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Review: Let’s Eat Grandma – 05/04/18 – Riverside, Newcastle

09/04/2018

Let’s Eat Grandma mystified audiences on their first trip out with their otherworldly weirdness. Last week they returned to Riverside for round two…

Deprived of a cellist tonight, Newcastle’s Martha Hill is backed only by drummer Diji Solanke, but such is the wealth of talent between the two, it doesn’t affect what is a cracking set. ‘Mary Jane,’ a folk tale about an arsonist, is soulful and playful, displaying an almost Arctic Monkeys-like swagger. There’s a touch of Winehouse to the poppier numbers, Hill oozing confidence as Solanke keeps the beat and provides glimpses of his talent for human beatboxing. After more sombre numbers like ‘Surrender’ and the soulful jazz of ‘Blindfold,’ ‘Before I Go‘ is a more upbeat track about going on a “sesh” and not wanting to go home. It allows Hill to branch out, freed from the restraints of the acoustic, rocking out with poise and owning the stage. And by the end, nobody wants her to go home either.

There’s no shortage of artists doing the looping thing these days, but few are quite as accomplished at it as Jayne Dent is tonight. As Me Lost Me I Lost My, she’s a one-woman band, creating multi-layered tracks of vocals, guitars, concertinas and microphone induced beats. Tracks like the traditional ‘When You’re Born’ and the wintery soundscape of ‘Time To Thaw’ are quite mesmerising, raising the temperature and taking songs further than one musician should have any right to. Labelling is difficult and that’s always a good thing. It’s folk, but not as Dent’s father might call it, as she jokingly points out. New track ‘Eyes And Ohs’ from her forthcoming debut album is as experimental as it gets whilst another traditional folk track, ‘Chamber Bed’ builds to an almighty crescendo and climax. There’s a great degree of ambience and Jayne’s voice alone would be captivating enough. Layered as it is to create a choir effect, it’s nothing short of magical.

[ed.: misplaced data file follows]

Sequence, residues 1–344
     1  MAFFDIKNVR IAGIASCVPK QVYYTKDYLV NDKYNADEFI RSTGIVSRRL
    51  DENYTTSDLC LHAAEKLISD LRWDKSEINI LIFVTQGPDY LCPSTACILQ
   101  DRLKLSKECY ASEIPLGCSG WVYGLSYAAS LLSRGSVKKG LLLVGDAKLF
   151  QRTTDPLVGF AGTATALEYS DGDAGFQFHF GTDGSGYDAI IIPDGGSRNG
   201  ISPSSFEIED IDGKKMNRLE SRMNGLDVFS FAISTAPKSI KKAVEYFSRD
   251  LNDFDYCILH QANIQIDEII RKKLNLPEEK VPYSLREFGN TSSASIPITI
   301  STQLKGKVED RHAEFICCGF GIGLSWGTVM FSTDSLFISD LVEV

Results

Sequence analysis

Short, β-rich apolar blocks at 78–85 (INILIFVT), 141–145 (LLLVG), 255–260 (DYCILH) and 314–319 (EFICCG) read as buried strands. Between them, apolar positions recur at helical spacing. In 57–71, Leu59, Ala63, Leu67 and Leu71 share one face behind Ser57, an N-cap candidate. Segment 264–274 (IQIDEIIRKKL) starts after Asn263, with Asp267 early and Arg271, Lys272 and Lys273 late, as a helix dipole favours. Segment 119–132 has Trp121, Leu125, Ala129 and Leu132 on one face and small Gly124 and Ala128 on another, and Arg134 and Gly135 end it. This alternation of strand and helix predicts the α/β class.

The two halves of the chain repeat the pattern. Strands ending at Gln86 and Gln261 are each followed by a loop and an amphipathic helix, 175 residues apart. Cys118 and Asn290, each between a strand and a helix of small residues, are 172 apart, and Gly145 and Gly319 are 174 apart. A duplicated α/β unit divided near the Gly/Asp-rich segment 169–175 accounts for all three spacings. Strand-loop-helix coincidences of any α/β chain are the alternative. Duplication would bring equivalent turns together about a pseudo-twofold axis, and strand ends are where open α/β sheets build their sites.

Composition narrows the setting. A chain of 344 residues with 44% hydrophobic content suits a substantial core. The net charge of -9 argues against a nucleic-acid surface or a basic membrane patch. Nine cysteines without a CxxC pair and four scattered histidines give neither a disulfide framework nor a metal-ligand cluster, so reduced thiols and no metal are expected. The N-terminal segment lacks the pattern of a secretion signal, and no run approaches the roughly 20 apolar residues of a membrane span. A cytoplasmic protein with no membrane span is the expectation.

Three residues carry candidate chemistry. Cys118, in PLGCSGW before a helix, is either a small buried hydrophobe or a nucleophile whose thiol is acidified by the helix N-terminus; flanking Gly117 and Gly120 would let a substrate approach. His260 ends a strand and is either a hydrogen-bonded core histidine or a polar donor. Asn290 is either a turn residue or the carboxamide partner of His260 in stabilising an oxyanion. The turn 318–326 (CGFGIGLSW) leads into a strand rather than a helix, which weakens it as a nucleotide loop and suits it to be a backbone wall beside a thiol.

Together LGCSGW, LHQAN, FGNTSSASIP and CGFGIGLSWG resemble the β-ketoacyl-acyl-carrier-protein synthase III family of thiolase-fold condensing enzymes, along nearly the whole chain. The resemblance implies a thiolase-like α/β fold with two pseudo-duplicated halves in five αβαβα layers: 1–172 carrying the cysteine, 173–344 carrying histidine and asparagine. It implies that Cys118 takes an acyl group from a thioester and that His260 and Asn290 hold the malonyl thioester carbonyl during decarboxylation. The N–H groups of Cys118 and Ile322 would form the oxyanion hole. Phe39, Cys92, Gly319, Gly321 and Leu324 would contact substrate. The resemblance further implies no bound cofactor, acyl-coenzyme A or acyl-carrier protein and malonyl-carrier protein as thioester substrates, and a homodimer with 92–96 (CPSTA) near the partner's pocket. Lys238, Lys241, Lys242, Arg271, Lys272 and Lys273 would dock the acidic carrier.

It’s a bold move for Let’s Eat Grandma to head out on tour prior to the release of their new album, ‘I’m All Ears’, and it’s a bolder move to open the set with five straight tracks from said album. Newly backed by a live drummer, lead single ‘Hot Pink’ is quite stunning, showcasing a new louder and more structured Let’s Eat Grandma. It’s all Charli XCX-style pop, abrasive and full of hooks and an instant chorus. In other words, it’s clearly very different to what we might have expected from the two girls from Norwich. ‘It’s Not Just Me’ is poppier again; the tall slim Rosa Walton and petite Jenny Hollingworth stood fast at their mutual keyboards, trading vocals, fixing the audience with subtle glances.

By the synth-heavy third track ‘Falling Into Me,’ it’s clear that we are seeing Let’s Eat Grandma Mk II, yet there are some traits remaining from the duo of old. And when I say old, I mean from the seventeen-year-olds who ripped up the rulebook of pop with their intriguingly brilliant debut record, ‘I Gemini’. There’s Rosa’s drunk-style bedroom dancing, skipping around the stage in her tracksuit bottoms, still retaining the energy of youth now that she must be all of nineteen. Jenny straps on her sax for the first time but then there’s the change. Perfectly in key, it fits the song; Jenny’s playing deft and tuneful. This isn’t the same duo who would throw instruments into a melting pot and see what spells they could conjure up. It doesn’t take the song in another direction entirely; it is part and parcel of the song. And somehow it feels like something is missing